THE RANT: NWA Power Delivers Nostalgia & A Hope for the Future

Posted By James Walsh on 10/09/19

I grew up in the New York City area. In fact, I was the same exit on the Jersey Turnpike as the George Washington Bridge. Have you seen the Wedding Singer? Yeah, there. Ridgefield, New Jersey. Growing up in the shadows of NYC meant that you were in the heart of WWE country. In the interest of full disclosure, I was certainly a fan of the WWE. I went to multiple events at the Meadowlands Arena (later known as the Continental Airlines Arena and finally the IZOD Center before it was closed for no reason that makes any sense to me to this day) and, of course, Madison Square Garden. I loved the glamour of the larger than life wrestling as delivered by the likes of Hulk Hogan, Randy Savage, Roddy Piper, and Jake "The Snake" Roberts. It got me hooked.

That said, a benefit of being in the most populus market is that you also get the most exposure, to some extent, to things outside of your region. So, I found myself hooked on Crockett wrestling on TBS, Dallas wrestling on ESPN, and, though I could not cite you where it aired or when, I also had a moderate exposure to Memphis, Mid South, and Florida wrestling as well. I mention this because I loved, and still do, the larger than life, rock and roll show environment of the WWE at the time. But, the art and the believable nature of all the other wrestling is what completed the package for me. Frankly, without all those other territories and what we now consider "Southern wrestling", I doubt I'd have devoted my whole life to obsessing over this stuff. After all, Al Snow once told me I get too worked up over men pulling up their socks and fake fighting. I don't view wrestling as that. And, I think it goes without saying that Al believes it to be far more than that also. But, to strip it down to the most minimal description of what wrestling is, it does bring it home... Does it not?

While AEW unleashed a major competitive vibe to WWE's overly produced nature and WWE unleashed a new, sports shot style of their brand with their debut on FOX, no one is delivering anything that goes back, fully, to believable, logical, Southern wrestling. Sure, Cody has a lot of that in what he does in AEW. But, watching NWA Power could give those who lived through the 80's wrestling scene goosebumps. And, for me, it did.

Kicking off with Dokken's "Into the Fire", the show had a very cool vibe going right away. Dokken is actually one of my top 10, maybe even top 5, bands of all time and some of my Facebook profile pictures even feature me wearing a Dokken T shirt in front of the Wrestling Epicenter office wall of wrestling history. I must admit, I was surprised a company owned by Smashing Pumpkins frontman Billy Corgan would choose Dokken as their show's theme music. But, it somehow fit for the direction they were going for.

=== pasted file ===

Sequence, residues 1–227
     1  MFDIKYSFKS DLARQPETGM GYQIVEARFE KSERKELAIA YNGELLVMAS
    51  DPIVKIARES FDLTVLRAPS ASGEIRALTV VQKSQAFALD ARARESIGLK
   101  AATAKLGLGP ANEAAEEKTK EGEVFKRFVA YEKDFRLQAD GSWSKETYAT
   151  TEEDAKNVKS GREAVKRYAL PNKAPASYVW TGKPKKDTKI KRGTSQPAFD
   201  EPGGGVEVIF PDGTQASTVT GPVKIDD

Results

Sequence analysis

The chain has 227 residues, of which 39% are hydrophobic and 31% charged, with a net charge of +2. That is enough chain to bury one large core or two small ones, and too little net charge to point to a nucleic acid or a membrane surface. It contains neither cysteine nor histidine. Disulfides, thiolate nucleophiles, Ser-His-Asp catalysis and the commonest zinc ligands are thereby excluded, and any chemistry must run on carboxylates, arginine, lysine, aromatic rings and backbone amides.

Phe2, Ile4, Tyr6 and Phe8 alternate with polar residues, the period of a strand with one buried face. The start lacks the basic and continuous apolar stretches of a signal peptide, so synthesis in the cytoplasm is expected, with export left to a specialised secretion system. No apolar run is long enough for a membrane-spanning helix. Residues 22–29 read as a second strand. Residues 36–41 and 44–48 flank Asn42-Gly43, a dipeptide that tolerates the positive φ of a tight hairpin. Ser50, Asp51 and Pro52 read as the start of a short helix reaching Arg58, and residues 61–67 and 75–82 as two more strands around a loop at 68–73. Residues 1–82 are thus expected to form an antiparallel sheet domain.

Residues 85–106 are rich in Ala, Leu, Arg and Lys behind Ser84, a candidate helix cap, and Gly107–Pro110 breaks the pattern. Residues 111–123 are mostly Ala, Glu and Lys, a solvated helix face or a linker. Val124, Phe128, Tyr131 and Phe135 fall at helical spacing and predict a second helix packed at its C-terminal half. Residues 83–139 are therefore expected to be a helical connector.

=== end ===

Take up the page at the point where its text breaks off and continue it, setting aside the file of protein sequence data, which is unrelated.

Featuring a set that reminds you immediately of the glory days of Georgia, Memphis, and Florida wrestling in a studio setting, you almost immediately question what year it is. That happens again as Jim Cornette welcomes you to the show with as much glee in presenting a return to wrestling the way it should be as the viewers, or at least this viewer, watching at home.

Featuring a blue ring that looks a great deal like the style of ring the NWA used in the glory days, one almost can't help but feel that nostalgia. Watching the Dawsons beat on a team of enhancement talent where the enhancement talent spends most of the time on their back or being held upside down by the obvious winners of the match before the match started reminded me of watching 6:05 wrestling with my sister eating a Happy Meal and seeing the Nasty Boys beat up jobbers in the very early 90's before anyone knew who they were on a grand stage. I really had that memory flow back to me in seeing it and I thought that was really a neat thing.

My concern was that the nostalgia feeling could turn some off. Time will tell if that is the case. But, for the first week, it certainly drew me in more than had me think, "Gee, I wonder if this is TOO old school?"

Stars will shine in this environemnt. Nick Aldis' command over the audience and the presentation was stunning from the start. Eli Drake comes off as a veteran performer ready to take his spot - Oh, and Eli also is the best talker in the entire industry which doesn't hurt anything either. And, Tim Storm came off as believable. In fact, his promo might well have been the most believable thing on the entire broadcast.

James Storm might well have been made for this show as well. Storm is a Tennessee guy and seeing him approach the desk unannounced to confront a call out had such a Memphis feel to it, it was absurd. As the weeks go on, I can see "Cowboy" James Storm emerging as one of the top 3 guys in the company if he isn't already.

One criticism I do have is the video packages of the fans celebrating this style of wrestling does give away a few spoilers as to who will appear in future episodes. The spoilers for the tapings are all online. And, I did skim them because I can't help myself. But, I do think that someone who is watching and doesn't know might not want to know that legends like the Rock and Roll Express appear or win the Tag Titles before they see them show up and do so on the show.

Overall, the talent used makes sense for the show presented. It is veterans, which does not mean over the hill by any means, who can both speak and work. It is believable. And, it has a lot of nostalgia feeling. I am excited to see what this show could turn into or become over time. But, I will be watching every Tuesday at 6:05 for sure.